Jesus said that we should “go into all the world” and share all that he had taught us (Matthew 29:19-20). Certainly, a weekly meeting of souls is part of that directive, but it’s not the sum total.

For many, a cool weekly gathering, filled with powerful music and an uplifting message is the first experience they may have with Jesus. But it can’t be only place they experience Christ. Many people will never venture into a church building…ever. By calling our buildings “the church” we unwittingly place the task of reaching the lost on the staff of our churches and on Sunday morning.

The Organization Vs. The Organism

The church is people, plain and simple. It’s a living and breathing organism. Every time someone new joins the congregation the body changes a little. It absorbs and takes on the new personality of those who are a part of it. We’ll miss that if we place too much emphasis on the organization and not the organism.

Pastors are often guilty of missing this point. I’ve said it myself, “I have a church to run.” You don’t run a church, you run an organization, a business, or an enterprise. If the church is full of people it should operate more like a family, not an organization.

So let’s remember that we are part of this great thing called “the church.” It’s a group of people who belong to something amazing, something ancient, something living.

“For just as we have many members in one body and all the members do not have the same function, so we, who are many, are one body in Christ, and individually members one of another.” Romans 12:4-5

Dealing With Doubt

When my kids were young they liked to ask a lot of questions. This was especially true of my daughter. After asking a question and receiving an answer she would say “why?” I would further explain and answer her question only to hear her say “why?” again. And again. And again!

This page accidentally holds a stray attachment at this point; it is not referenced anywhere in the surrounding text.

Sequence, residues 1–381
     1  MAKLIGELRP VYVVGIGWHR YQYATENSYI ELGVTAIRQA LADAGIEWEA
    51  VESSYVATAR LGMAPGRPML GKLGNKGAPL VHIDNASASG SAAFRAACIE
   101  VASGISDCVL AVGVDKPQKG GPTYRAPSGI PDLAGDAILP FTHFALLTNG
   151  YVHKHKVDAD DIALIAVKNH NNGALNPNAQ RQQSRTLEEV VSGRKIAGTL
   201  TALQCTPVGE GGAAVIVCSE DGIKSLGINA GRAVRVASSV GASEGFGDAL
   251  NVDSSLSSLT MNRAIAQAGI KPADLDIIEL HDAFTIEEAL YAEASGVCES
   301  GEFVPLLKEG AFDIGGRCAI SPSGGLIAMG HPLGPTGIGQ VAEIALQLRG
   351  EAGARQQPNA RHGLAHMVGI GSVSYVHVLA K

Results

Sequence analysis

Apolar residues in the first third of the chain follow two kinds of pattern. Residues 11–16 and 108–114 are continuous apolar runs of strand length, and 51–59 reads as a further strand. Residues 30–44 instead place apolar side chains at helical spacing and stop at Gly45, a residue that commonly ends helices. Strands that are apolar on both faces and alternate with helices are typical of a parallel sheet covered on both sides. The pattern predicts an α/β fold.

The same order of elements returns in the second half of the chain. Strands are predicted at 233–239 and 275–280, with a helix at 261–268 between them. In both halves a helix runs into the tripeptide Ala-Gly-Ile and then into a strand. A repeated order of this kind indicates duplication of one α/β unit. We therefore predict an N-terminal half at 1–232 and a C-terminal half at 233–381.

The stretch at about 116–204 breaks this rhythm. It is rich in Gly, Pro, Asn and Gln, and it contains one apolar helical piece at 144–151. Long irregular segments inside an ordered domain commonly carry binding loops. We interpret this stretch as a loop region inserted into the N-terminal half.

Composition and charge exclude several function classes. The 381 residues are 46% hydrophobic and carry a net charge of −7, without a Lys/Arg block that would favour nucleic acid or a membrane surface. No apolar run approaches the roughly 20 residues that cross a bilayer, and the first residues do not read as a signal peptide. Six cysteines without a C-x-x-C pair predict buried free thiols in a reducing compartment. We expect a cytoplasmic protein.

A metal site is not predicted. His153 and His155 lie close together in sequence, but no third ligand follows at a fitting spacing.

We encourage children to ask questions. It’s a part of the learning process. When it comes to God, however, we are often afraid to ask questions. It’s as if by some reason to ask a question of God is to lack faith.

Doubt and disbelief are very different. The word doubt comes from the latin word dubium, which means “to hesitate.” Disbelief is a wholesale rejection of an idea or principle. Plenty of men and women in the Bible hesitated in their belief. This includes Abraham (Genesis 16), David (Psalm 13), and John the baptist (Matthew 14).

Thomas, one of the disciples of Jesus, was unwilling to believe in the risen Christ without physical proof. Jesus didn’t reject Thomas or even scold him. Instead, he allowed Thomas to have doubts, and then invited him to feel the nail scars on his hands and to touch the spear wound on his side (John 20:24–29).

Doubt is not a spiritual crime — it’s the effect of being human. Author Philip Yancey states that the “invisibility of God guarantees doubt.” As long as we are breathing we will be subject to doubts. It’s natural and normal. But it doesn’t have to be faith shattering.

If you’re struggling with doubt here are some suggestions:

1) Don’t doubt alone. Share your struggles with a trusted friend. Don’t keep them hidden. You might feel shame because you have doubts but finding out that other people might have the same doubts is empowering. You’re not alone!